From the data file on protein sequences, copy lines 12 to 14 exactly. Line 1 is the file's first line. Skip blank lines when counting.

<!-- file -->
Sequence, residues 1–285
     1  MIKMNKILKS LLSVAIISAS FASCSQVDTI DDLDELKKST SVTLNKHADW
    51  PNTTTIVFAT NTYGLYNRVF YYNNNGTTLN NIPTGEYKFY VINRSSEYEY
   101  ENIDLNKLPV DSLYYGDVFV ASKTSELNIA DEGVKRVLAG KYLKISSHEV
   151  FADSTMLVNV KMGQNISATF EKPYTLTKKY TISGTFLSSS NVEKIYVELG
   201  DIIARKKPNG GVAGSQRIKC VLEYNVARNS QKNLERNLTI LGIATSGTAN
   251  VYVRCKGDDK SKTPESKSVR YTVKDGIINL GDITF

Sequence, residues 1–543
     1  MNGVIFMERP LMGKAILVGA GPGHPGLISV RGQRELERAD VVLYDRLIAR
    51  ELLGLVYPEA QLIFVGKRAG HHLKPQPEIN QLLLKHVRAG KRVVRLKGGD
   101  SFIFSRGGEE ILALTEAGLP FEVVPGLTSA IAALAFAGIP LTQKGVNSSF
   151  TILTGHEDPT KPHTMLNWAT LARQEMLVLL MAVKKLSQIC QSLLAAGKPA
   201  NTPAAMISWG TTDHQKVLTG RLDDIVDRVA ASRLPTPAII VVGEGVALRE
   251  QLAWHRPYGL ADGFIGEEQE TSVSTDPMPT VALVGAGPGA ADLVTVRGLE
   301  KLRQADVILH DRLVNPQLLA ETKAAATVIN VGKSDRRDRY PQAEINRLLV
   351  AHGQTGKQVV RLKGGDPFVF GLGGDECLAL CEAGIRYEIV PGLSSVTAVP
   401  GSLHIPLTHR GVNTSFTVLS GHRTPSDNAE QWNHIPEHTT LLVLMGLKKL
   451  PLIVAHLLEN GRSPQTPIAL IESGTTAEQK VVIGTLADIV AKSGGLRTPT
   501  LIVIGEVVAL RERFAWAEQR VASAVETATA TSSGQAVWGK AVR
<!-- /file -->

   151  TILTGHEDPT KPHTMLNWAT LARQEMLVLL MAVKKLSQIC QSLLAAGKPA
   201  NTPAAMISWG TTDHQKVLTG RLDDIVDRVA ASRLPTPAII VVGEGVALRE
   251  QLAWHRPYGL ADGFIGEEQE TSVSTDPMPT VALVGAGPGA ADLVTVRGLE